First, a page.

Pets Providing Pedals
Since the first bikes were donated to students in Tanzania, Naomi and Mark have raised enough funds through their program, Pets Providing Pedals, to provide 1500 bikes for students and villagers. The most recent distribution was at Tarangire Primary and Tloma Primary Schools. Each child was vetted to see how many days they had been absent from school. We also had to check with their teachers to make sure they were trying hard in school and were respectful. A few children did not come back to school at all this year. Taking this into account, Tloma Primary still achieved 100% attendance for the months of November and January.
Every child’s photo was taken with their bike, and the donor receives a picture of the child he or she brought the bike for. So much pre-planning goes into bike day to ensure successful donations, happy children, and great stories to take back to donors. All parents are invited to celebrate their child getting a bike and many of them had a song or dance of appreciation for Naomi and Mark. Naomi’s generosity extends past the bikes to all children—she surprised them with lunch fit for a king: rice, beans, salad, fruit, and a glass of soda. There was even enough for the parents as well.
Naomi and Mark always receive a heroes’ welcome wherever they go in Tanzania.
This year, the most heartwarming story of impacting lives and communities came from Naomi’s decision to take 70 bikes along the dirt road from Karatu to Lake Eyasi and randomly drop into family homes to deliver bikes. Says Naomi, “The first bike we handed out went to an old woman who must have been 90. She put on the Pets Providing Pedals t-shirt we gave her and was as proud as a peacock to be wearing it and to have a new bike!”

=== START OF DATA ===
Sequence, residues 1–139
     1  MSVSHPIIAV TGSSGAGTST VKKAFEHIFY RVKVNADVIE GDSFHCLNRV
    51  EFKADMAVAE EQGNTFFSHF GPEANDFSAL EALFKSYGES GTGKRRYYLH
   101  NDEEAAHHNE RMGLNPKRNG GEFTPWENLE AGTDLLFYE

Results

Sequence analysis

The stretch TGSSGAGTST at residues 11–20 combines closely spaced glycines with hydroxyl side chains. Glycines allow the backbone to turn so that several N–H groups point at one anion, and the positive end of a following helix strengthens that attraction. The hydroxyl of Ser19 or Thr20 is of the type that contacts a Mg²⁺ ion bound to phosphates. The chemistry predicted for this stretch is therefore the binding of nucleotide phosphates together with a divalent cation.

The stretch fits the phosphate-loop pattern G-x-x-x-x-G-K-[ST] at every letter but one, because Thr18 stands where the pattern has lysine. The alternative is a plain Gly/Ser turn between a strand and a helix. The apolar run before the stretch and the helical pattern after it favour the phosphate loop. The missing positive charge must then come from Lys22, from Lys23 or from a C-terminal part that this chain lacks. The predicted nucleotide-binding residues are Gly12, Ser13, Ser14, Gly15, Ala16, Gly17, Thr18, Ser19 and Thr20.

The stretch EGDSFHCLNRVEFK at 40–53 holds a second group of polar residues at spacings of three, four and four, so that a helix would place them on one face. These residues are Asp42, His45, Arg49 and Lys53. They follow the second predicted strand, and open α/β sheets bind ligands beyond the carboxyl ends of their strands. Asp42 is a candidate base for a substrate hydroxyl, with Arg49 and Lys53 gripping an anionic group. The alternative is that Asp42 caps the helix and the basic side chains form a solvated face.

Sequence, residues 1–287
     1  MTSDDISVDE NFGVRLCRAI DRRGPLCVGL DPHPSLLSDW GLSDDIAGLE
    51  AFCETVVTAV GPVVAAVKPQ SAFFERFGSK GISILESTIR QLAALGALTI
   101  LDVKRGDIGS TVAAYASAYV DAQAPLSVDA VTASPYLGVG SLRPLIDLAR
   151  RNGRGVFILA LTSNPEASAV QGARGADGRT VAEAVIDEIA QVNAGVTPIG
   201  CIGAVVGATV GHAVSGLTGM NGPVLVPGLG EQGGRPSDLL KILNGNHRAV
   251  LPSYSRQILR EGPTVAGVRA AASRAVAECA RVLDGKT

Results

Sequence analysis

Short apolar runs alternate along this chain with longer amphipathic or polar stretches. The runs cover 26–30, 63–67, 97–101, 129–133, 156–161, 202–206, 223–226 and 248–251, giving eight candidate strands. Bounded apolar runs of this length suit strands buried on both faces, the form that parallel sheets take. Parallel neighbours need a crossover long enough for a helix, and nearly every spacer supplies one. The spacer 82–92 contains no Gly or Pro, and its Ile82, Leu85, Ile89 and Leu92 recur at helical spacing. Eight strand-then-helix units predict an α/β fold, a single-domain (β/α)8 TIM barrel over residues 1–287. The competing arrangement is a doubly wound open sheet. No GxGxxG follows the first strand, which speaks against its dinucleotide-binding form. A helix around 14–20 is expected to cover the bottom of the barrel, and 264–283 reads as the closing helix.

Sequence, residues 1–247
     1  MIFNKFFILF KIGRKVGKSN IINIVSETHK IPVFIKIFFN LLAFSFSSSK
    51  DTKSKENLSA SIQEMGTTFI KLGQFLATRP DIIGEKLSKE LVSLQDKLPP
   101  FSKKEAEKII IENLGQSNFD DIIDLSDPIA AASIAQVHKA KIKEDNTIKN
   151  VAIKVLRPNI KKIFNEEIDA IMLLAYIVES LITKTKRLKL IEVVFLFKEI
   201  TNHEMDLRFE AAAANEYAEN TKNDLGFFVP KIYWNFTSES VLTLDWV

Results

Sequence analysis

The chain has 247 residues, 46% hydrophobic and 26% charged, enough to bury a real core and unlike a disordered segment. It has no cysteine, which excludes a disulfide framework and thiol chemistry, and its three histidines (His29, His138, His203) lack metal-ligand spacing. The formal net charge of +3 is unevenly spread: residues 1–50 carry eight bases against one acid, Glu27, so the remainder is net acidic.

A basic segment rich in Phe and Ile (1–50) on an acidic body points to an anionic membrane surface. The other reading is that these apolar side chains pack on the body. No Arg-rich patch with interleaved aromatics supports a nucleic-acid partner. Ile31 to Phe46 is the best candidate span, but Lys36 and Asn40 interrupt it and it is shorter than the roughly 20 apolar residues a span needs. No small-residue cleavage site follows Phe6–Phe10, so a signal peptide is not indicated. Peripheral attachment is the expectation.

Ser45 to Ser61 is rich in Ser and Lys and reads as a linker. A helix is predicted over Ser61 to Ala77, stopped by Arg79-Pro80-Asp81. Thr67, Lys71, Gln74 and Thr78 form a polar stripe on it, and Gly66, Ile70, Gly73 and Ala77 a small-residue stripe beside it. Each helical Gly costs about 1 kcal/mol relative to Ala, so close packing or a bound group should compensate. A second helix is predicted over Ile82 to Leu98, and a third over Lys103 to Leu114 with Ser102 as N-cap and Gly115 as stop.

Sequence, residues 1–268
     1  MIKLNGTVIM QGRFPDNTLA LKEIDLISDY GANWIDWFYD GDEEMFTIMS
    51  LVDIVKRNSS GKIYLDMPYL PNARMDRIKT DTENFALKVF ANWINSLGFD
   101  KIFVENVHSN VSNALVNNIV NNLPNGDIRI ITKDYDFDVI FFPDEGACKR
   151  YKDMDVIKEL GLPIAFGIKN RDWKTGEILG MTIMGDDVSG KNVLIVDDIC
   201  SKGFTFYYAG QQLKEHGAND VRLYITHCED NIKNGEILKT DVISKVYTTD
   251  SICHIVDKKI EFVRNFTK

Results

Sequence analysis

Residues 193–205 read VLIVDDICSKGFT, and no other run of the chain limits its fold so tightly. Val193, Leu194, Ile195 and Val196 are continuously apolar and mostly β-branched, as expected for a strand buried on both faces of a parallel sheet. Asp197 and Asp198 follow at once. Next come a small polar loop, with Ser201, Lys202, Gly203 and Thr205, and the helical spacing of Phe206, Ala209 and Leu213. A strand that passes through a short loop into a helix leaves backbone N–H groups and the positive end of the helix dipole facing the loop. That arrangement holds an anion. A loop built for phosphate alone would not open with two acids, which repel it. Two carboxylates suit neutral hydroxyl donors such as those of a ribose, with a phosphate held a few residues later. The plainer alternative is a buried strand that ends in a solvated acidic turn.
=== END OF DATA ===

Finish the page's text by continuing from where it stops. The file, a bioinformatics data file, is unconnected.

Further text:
She even found seventeen or eighteen kids playing football, and she “stopped the bus” to give all the kids a bike. “We had a big truck with 70 bikes in it and our safari vehicle,” Naomi remembers. “We saw a bunch of kids playing soccer in a field so we pulled onto the field and gave the kids bikes. One child said ‘I think I’m rich!’ We didn’t realize that these kids were from a school right over the hill, but then all of a sudden all of these school children ran over the hill running towards us. It was amazing.”
For six years, I have witnessed the joy from children receiving a bike, but I just cannot even fathom what went through their families’ minds, or why the children thought it was happening. As Naomi says, “Imagine someone walking up to your house and giving you a car.” Let’s just believe it was magic. Naomi and Mark turned up, waved a magic wand, and gifted a bike.
Written by Sandra Vaughan, GCF project manager, East Africa